Long Delayed Maine Atlantic Salmon Recovery Plan Released

John Burrows, ASF Director of New England Programs

Feb 26, 2019
ASF's Andy Goode (left) and John Burrows (right) have proven to be invaluable and effective in restoration efforts for all migratory fish species in Maine. An article in the latest ATLANTIC SALMON JOURNAL provides details of ASF's efforts. Photo Jim O'Reilly
The United States Fish and Wildlife Service (USFWS) and the National Marine Fisheries Service (NMFS) have released the long-delayed Final Recovery Plan for the Gulf of Maine distinct population segment (DPS) of endangered wild Atlantic salmon. The salmon runs that make up the Gulf of Maine DPS represent the last wild Atlantic salmon remaining in the United States.

It has been a long time coming, after nearly two decades of protection under the Endangered Species Act (ESA) for some of the rivers. Initially salmon in eight Maine rivers, the Dennys, East Machias, Machias, Narraguagus, Pleasant, Ducktrap, Sheepscot and Cove Brook were protected in late 2000.

In 2009, the endangered status was expanded to include all salmon populations existing between the Androscoggin River in the south to the Dennys River in the east. This includes both the Kennebec and Penobscot Rivers, the two largest watersheds located entirely within the State of Maine. These two rivers historically had some of the largest runs of Atlantic salmon in North America (100,000+ adults each) before dams, water pollution, habitat degradation, and over-fishing nearly wiped them out.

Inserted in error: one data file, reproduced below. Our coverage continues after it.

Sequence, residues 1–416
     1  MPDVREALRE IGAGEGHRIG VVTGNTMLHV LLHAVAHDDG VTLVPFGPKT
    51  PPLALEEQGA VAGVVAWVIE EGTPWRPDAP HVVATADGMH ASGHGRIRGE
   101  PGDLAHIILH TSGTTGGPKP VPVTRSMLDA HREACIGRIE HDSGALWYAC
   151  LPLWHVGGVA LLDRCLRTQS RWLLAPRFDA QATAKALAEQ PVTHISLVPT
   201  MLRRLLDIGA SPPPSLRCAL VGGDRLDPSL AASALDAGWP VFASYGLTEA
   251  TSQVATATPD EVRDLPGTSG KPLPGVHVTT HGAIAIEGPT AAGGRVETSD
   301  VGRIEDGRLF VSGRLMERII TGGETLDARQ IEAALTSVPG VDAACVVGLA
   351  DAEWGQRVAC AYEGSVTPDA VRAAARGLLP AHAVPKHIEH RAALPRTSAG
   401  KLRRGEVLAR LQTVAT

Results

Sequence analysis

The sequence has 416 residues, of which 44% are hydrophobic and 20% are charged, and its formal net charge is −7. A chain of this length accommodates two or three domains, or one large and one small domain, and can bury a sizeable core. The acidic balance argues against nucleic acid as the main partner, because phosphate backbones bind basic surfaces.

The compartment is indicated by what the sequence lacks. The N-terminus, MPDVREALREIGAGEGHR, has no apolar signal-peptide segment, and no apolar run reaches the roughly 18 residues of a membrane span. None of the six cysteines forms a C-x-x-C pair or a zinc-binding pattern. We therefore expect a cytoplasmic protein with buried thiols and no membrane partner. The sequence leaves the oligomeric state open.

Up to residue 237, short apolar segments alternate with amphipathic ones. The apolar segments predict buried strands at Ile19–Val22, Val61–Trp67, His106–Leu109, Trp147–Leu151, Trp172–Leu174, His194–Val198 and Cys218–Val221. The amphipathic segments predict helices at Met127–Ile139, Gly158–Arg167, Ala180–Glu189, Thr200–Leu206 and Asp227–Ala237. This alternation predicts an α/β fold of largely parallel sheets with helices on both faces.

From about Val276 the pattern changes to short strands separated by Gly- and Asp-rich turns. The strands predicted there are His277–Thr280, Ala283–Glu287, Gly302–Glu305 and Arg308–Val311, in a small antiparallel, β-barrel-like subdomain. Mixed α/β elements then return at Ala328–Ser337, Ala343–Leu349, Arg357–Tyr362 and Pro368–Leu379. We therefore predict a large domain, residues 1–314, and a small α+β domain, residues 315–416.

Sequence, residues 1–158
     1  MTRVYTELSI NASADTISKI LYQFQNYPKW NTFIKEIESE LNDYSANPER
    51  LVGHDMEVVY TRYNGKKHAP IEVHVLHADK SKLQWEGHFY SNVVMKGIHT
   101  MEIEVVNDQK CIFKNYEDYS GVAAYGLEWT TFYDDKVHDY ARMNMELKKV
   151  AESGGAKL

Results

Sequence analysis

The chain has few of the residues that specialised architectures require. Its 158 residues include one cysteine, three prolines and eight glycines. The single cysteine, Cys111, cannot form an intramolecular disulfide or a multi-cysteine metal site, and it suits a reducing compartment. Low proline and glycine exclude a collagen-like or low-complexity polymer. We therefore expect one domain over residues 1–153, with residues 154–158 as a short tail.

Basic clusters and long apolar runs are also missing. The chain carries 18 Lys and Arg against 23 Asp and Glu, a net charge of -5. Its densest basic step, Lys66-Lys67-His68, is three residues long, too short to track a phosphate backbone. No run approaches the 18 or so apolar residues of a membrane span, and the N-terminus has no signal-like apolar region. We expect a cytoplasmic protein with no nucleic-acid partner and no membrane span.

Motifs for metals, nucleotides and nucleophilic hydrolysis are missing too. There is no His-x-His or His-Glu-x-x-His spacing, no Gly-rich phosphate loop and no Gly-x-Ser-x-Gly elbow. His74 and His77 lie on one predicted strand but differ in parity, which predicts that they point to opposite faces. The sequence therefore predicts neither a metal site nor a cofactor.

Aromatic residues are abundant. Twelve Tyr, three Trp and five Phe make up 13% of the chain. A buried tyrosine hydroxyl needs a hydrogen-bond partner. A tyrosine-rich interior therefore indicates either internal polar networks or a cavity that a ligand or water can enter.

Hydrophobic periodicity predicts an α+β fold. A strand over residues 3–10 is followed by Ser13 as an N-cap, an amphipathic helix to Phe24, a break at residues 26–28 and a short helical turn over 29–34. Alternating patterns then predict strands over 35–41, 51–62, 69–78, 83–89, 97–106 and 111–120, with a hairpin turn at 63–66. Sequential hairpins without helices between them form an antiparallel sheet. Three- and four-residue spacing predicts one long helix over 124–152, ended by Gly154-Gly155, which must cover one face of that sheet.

At the time of the expanded listing back in 2009, the federal services identified three major threats to Atlantic salmon, along with dozens of secondary threats:
  • dams 
  • the lack of adequate regulatory mechanisms to address dams
  • low marine survival
These remain the most significant threats, but new information collected over the last decade has led the services to add:
  • road stream crossings
  • intercept fisheries in the North Atlantic (i.e., fisheries off West Greenland, St. Pierre and Miquelon, and Labrador)
  • climate change
The bulk of the recovery plan is focused on the site-specific management actions necessary to conserve salmon along with estimates of the time and funding required to achieve the plan’s goals. It also includes the criteria that must be met in order to remove salmon from the endangered species list.

For planning, management, and recovery purposes, the DPS is broken down into three separate geographic areas referred to as Salmon Habitat Recovery Units, or SHRUs:
  1. Merrymeeting Bay SHRU (the Androscoggin and Kennebec Rivers east to the St. George River)
  2. Penobscot Bay SHRU (the Penobscot basin extending west to the Ducktrap River)
  3. Downeast Coastal SHRU (all coastal watersheds from the Union River east to the Dennys River).
For salmon to be deemed “recovered” under the Plan, the threats facing the species need to be addressed and each of the following criteria need to be met:

The DPS has a self-sustaining annual return of at least 2,000 wild adults in each SHRU.

Each SHRU has a positive mean growth rate of greater than 1.0 in the 10 years prior to delisting and the DPS demonstrates “self-sustaining persistence.” This means that the total wild population in each SHRU has less than a 50-percent probability of falling below 500 adult wild spawners in the next 15-year period.

There is a minimum of 30,000 accessible and suitable habitat units in each SHRU.